"Women are not just small men," Stacy Burnett said. But they're treated like it in prison.
"The indoctrination begins the minute we put on our clothes," Burnett said. The pants will be too tight in the hips or bust, too loose in the waist or just generally way too big. They're not clothes made for a woman; they're small men's clothes, Burnett, 39, explained in a phone interview.
There's an overarching problem with how women are handled behind bars: They're hardly treated like women at all.
The United States incarcerates more women than any other country in the world. In recent years the number of women in prison has grown at nearly twice the rate of men. Between 1980 and 2010, the rate increased by 646%, rising from 15,000 to nearly 113,000, according to The Sentencing Project. Including jail populations, more than 200,000 women are now incarcerated and more than 1 million are under criminal justice supervision.
Stacy Burnett's story raises a few crucial points about women in prison. She had a good deal of money following various property sales and professional successes in writing. She decided to help her brother on a joint business venture and in August 2007, she began signing checks for him to fill out. Without her knowledge, he depleted her accounts and wrote dozens of bad checks. Once the checks started to bounce, Burnett was arrested for grand larceny and scheme to defraud. She was sentenced to prison on April 20, 2009, and not released until July 2013. She served the majority of her time in Albion, a medium-security prison for women in Orleans County, N.Y.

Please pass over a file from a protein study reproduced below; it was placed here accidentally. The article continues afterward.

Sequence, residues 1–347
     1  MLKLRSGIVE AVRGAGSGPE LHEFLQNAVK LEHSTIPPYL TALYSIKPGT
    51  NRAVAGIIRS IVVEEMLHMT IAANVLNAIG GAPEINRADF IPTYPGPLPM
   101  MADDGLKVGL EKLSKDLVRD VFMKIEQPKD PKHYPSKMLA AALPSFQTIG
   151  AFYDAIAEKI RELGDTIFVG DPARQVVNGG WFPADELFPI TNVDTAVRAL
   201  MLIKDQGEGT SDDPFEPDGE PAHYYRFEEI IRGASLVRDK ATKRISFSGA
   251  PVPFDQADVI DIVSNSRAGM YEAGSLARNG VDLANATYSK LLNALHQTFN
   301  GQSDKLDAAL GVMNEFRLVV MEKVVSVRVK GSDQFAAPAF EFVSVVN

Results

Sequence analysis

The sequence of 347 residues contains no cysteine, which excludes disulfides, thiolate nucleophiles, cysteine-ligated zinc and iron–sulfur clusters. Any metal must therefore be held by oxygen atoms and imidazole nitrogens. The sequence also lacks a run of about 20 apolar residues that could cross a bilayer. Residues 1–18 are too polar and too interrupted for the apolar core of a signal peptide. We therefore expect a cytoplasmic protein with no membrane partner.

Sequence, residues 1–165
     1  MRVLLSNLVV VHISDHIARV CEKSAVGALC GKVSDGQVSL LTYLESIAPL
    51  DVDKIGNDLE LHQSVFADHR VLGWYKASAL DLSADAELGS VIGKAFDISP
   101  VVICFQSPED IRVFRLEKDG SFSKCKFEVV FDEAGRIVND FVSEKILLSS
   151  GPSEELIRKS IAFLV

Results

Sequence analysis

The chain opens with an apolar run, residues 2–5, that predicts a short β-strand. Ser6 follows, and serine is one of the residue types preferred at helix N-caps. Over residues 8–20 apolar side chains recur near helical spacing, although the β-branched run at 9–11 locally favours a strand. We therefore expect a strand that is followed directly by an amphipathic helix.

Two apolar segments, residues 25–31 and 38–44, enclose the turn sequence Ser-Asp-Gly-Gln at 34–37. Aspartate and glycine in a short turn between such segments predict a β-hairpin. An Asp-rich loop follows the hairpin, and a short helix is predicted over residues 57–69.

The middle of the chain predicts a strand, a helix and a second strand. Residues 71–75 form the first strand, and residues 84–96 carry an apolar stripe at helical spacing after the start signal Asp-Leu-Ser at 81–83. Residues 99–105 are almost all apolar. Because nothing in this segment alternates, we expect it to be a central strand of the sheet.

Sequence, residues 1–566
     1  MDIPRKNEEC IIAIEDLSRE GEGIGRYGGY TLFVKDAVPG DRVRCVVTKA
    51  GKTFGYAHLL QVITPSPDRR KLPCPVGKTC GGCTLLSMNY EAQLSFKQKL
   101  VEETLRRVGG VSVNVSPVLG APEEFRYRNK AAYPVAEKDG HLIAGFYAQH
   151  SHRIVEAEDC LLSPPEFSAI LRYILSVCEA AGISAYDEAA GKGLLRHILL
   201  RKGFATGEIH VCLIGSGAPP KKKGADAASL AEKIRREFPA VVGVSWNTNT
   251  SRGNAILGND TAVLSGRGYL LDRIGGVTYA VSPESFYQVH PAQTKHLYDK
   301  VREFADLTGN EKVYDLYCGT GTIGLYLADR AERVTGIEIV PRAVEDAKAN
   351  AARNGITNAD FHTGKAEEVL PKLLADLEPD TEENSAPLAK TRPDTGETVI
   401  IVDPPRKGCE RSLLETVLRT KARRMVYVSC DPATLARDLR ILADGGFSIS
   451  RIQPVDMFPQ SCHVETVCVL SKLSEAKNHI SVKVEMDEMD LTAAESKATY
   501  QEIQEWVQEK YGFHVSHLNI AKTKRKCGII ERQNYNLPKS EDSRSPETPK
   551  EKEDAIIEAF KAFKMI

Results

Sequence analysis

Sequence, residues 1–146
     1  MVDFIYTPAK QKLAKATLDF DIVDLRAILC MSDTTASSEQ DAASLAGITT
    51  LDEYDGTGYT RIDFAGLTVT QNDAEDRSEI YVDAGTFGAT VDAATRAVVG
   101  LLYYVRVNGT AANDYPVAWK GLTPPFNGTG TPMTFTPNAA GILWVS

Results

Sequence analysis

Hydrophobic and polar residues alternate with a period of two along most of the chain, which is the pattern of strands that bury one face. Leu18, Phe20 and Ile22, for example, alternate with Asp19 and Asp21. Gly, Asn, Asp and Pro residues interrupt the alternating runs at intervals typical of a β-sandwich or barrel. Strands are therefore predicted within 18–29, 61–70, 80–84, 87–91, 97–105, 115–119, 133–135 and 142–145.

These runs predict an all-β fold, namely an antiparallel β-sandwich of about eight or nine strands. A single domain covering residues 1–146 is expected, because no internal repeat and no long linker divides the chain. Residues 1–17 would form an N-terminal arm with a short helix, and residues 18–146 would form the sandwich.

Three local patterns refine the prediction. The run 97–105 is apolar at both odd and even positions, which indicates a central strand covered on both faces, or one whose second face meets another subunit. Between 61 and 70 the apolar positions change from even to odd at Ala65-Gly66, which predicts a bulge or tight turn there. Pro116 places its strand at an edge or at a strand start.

Firstly, her case is a reminder that women often end up in prison for very different reasons than men do. The majority of women are locked up for drug and property offenses, while the majority of men go to prison for violent offenses; only about 36% of female offenders go to prison for violent crimes, whereas 54% of men do. Also, Burnett noted that many women she served time with were paying for crimes of their men, such as driving a car that they didn't know had drugs in the trunk. "It's really heartbreaking. … I can't tell you how many times I saw that," she said.
One important difference between male and female prison populations is mental health: Women suffer from mental illness at a significantly higher rate. According to the U.S. Bureau of Justice Statistics, 73% of female inmates in state prisons had a mental health problem — "a staggering proportion," the ACLU wrote — while 55% of men did.
Burnett did not sign those checks in a balanced state of mind. She has bipolar disorder, which entails a constant cycle of manic episodes followed by bouts of deep depression. She had signed the checks in a manic state. When she arrived in prison, her illness was not properly treated. They gave her Prozac, which is not the correct medication and only made her aggressive. Burnett asked, "If this is the Department of Corrections, what are you correcting if you're not even addressing the problem?" In the general population, about 5% of women are affected by serious mental illness. "There's a direct causation here that really isn't being addressed," Burnett said.